I will readily admit that I am rubbish at freehand sharpening chisels and plane blades. Keeping the blade at a consistent angle to the stone while introducing a steady, alternating honing motion is something I've always struggled to master. Most of the time I either find myself accidentally honing the blade slightly skewed or deviating from the intended 30 degree bevel, resulting in a tool too blunt to scare any self-respecting piece of timber, let alone shave hairs off the back of my arm.
So it was somewhat of a relief when I finally admitted defeat and went and bought my first honing guide to help me get my chisel sharpening back on track. For those that aren't familiar, a honing guide is a device fitted with a roller assembly that secures a chisel or plane iron in a set of jaws and allows the user to sharpen the blade on a whetstone, diamond stone or any other flat surface coated with abrasive material to achieve a consistent cutting bevel every time. An accurate and clean bevel on a chisel or plane iron is key to getting the best performance out of those tools.
My first honing guide was a simple affair, featuring a clamping mechanism made up of two wide plates with a brass roller underneath. The clamping plate had a series of straight lines etched into the surface to assist with visually aligning the fitted blade so that it sat square in the clamp, and the blade was secured by tightening two thumbscrews at either side.
Generally it worked quite OK for the paltry $20 I paid for it at the time, but it wasn't without its drawbacks. The clamping mechanism was made from aluminium which had a tendency to flex when the thumbscrews were tightened, which allowed narrower blades to gradually skew to one side while honing. The clamping mechanism wouldn't hold shorter blades, such as spokeshave irons at the correct angle to the stone. Aligning a blade squarely against the refence marks on the guide was only as good as your eye. And there was no inherent way to accurately set and measure the bevel angle.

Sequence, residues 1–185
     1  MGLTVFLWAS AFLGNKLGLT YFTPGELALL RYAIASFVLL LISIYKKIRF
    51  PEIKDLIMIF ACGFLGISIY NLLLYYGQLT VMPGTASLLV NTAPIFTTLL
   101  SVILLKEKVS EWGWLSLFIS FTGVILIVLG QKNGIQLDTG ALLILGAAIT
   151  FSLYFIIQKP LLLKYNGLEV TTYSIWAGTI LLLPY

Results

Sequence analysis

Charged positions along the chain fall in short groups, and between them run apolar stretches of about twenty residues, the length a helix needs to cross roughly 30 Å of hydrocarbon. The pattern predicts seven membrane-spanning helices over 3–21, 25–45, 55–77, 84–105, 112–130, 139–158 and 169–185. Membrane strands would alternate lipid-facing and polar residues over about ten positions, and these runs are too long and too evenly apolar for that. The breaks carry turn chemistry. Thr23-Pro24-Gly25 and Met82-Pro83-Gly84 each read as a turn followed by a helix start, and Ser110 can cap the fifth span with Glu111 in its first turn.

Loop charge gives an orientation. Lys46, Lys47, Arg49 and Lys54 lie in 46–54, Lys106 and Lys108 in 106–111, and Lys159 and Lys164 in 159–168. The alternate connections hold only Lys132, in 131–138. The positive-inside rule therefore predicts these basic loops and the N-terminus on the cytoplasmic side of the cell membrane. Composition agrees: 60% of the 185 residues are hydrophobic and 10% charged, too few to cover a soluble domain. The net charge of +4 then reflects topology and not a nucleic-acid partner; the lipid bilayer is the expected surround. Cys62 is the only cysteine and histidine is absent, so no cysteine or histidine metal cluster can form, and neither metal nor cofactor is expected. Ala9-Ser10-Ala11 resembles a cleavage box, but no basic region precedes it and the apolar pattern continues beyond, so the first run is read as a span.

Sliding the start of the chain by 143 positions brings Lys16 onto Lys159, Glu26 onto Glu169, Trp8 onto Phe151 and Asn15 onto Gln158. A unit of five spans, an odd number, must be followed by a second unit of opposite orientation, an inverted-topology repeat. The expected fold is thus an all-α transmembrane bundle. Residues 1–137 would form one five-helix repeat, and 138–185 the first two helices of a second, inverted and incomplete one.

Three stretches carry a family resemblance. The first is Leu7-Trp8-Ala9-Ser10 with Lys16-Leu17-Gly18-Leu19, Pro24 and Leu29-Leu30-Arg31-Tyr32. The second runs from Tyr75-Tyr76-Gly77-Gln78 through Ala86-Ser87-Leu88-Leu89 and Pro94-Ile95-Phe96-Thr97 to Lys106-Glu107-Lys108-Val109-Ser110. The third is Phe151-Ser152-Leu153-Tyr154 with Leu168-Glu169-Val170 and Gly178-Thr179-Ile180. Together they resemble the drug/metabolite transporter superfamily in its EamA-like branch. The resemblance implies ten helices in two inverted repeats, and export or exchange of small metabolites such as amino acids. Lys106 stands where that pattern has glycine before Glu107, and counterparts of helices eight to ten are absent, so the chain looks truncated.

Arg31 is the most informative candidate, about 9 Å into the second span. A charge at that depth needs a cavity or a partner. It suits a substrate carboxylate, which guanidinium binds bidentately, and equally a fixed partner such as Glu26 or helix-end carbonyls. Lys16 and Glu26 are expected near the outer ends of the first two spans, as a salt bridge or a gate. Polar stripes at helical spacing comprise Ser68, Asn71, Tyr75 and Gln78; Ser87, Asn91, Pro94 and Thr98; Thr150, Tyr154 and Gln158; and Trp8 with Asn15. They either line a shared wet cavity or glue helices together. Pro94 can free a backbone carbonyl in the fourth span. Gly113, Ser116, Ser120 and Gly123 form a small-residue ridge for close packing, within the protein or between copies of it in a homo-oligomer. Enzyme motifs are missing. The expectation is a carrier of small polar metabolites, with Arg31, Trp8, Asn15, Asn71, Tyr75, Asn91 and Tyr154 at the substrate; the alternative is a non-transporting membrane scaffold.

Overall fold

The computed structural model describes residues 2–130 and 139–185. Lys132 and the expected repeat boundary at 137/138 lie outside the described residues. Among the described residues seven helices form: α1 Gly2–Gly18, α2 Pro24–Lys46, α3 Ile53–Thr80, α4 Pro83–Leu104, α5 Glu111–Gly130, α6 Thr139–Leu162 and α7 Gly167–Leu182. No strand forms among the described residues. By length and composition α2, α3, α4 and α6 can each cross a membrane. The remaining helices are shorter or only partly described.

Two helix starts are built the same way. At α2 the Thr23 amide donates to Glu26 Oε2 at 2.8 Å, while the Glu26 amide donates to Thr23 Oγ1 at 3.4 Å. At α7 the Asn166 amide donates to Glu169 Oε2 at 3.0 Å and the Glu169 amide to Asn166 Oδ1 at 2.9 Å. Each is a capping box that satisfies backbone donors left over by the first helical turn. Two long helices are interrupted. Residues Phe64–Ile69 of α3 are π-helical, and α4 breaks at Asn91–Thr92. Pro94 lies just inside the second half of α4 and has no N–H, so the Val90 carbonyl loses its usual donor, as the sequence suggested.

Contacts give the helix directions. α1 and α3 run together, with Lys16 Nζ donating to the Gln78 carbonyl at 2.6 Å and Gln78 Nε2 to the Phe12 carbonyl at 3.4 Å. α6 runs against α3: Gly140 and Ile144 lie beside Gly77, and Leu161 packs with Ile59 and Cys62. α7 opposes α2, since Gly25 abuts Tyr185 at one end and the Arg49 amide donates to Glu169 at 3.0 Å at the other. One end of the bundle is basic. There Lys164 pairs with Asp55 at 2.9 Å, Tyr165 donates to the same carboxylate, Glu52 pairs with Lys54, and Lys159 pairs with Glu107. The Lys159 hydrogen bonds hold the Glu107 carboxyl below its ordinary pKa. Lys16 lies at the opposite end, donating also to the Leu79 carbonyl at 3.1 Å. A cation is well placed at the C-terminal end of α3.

Enter the MK II Honing Guide made by Canadian outfit Veritas, whose long list of premium-quality tools and accessories have been high on many woodworkers' must-have lists. With a street price of around $68US, this could arguably be described as the Rolls Royce of honing guides. Straight off the shelf the Standard Mk II comes with a solid diecast zinc alloy blade clamping body with a wide brass roller, an angle setting registration jig which is also used to set the squareness of the blade being held and a set of clearly-written instructions. The standard honing guide set can also be upgraded with additional accessories that include a cambered brass roller for honing blades into a gentle curve (useful for wide plane irons) and a set of narrow tool jaws for securely holding chisels as slim as 1/8".
The guide will happily accept plane irons as wide as 2 7/8" (73mm), which should easily accommodate the larger Number 7 jointer planes and beyond, and up to 15/32" (12mm) thick. Minimum recommended blade capacity is quoted as 1/2" wide, The brass roller underneath has an eccentric axle which can be rotated on a series of fixed steps, adjusting the angle of the guide by 1-2 degrees for adding a micro-bevel to the tool being sharpened.
The included angle registration jig slides on to an integral dovetail on the front of the guide and includes a series of holes for positioning a sliding stop. In practice the user fits the angle registration jig to the front of the honing guide and tightens the small brass thumbscrew to hold it securely. Where the back edge of the registration jig meets the honing guide there are a series of notches which correspond to the width of the blade being sharpened which are used to ensure that the blade will be positioned exactly in the middle of the honing guide.